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Read reflections and testimonies written by Holocaust survivors in their own words.

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  • Manufactured Reality

    Masha Gessen, a Russian American journalist and author, has been an outspoken critic of Vladimir Putin. Gessen has called what passes as news in Russia as “manufactured reality,” which refers to the daily stories covered by state-controlled media. Among Putin’s distortions are his argument that Ukraine is not a nation, that Ukrainians are not a people, and that the invasion and killing of civilians is not a war but a “special military operation.” The stated aim of Putin’s action was to “demilitarize and denazify” a country of 40 million people, which is led by a Jewish president who was elected democratically by 70 percent of the population. The ousted head of the leading Russian public opinion research organization states that current Russian propaganda is full of “lies and hatred on the fantastical scale.”

  • Food Desired and Food Denied

    I was seven years old in 1943 when my father disappeared. It was the fourth year of the Nazi occupation of Czechoslovakia, and he was not at home. I kept asking my mother about my father, and her standard reply became, “Don’t worry—he is on a business trip and will be back as soon as he can.” At first, I believed her, but I wanted a fuller explanation. I missed my father terribly, but my mother never told me that he was assigned to a hard labor battalion or, later in 1944, that he was sent to Theresienstadt. She could not tell me the truth.

  • Britain’s Response

    Britain's response to the mass violence against Jews on Kristallnacht (the “Night of Broken Glass”) on November 9-10, 1938, was to offer a safe haven to children at risk living under the Nazi yoke, and thus the Kindertransport program was born. By the time World War II broke out on September 1, 1939, approximately 10,000 children had arrived in Britain via the Kindertransport program. In many cases, parents made that heart-wrenching decision to send their children away without knowing if they would ever be reunited. But by taking that step, the parents saved their children’s lives.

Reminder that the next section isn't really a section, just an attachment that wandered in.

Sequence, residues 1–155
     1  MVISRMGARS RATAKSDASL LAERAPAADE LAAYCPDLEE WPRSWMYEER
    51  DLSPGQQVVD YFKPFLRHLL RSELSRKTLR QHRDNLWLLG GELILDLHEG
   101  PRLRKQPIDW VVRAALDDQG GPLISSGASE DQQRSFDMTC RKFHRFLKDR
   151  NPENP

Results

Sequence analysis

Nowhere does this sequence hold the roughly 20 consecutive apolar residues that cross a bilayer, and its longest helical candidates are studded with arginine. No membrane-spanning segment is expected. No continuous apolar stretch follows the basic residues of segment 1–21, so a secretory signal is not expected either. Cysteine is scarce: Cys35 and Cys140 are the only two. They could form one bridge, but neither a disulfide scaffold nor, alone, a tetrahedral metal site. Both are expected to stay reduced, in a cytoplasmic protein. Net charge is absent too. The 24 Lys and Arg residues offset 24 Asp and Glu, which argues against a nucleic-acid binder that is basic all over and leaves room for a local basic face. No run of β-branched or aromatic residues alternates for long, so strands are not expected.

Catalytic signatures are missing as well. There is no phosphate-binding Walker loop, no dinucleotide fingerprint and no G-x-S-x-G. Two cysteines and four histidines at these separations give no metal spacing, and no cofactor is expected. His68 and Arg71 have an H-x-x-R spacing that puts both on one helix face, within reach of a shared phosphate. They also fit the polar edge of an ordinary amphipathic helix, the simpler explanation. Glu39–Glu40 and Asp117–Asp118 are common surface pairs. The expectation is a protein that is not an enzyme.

• The Town I Used to Call My Home

    The town I was born and raised in, Mukachevo, Czechoslovakia, was modern as well as quite old fashioned. There were horses and buggies bringing in wares from the neighboring farms to sell in the very large open market, which was filled with stalls and pushcarts. Cars and trucks also drove around the town. We also had telephones, although not in every house, but as I remember in all businesses. The town also had a theater.

  • Coming to the United States

    On April 16, 1957, my husband, Robert Kauder, passed away. He would have turned 37 on May 27, his next birthday. I lived in Prague had two children at that time—my daughter was ten and my son was five. Every day, after my husband passed away, I went for a walk and left my children with “Babinka” (grandma), who stayed with me. She was like a mother to me although she was not technically family. I did this for about a month. One day she told me that when I returned, the children would be in an orphanage. I hesitated for a moment and then left. Then I started to think about how she was not my mother, she was really a stranger to me and my children, and I could not believe that she would do this to me.

  • January, 1945

    In January of 1945, we came to Snina. We came from Kiev. The reason we came was because my friend Monica told me on the night of December 24 that the NKVD [Soviet secret police] would come and pick up my sister and the old lady, Ms. Diernfeld, whom we had met during our travels in Russia. She referred to my sister as a German spy because she had very blonde hair and I never referred to her as my sister. I never talked about my family or anything personal.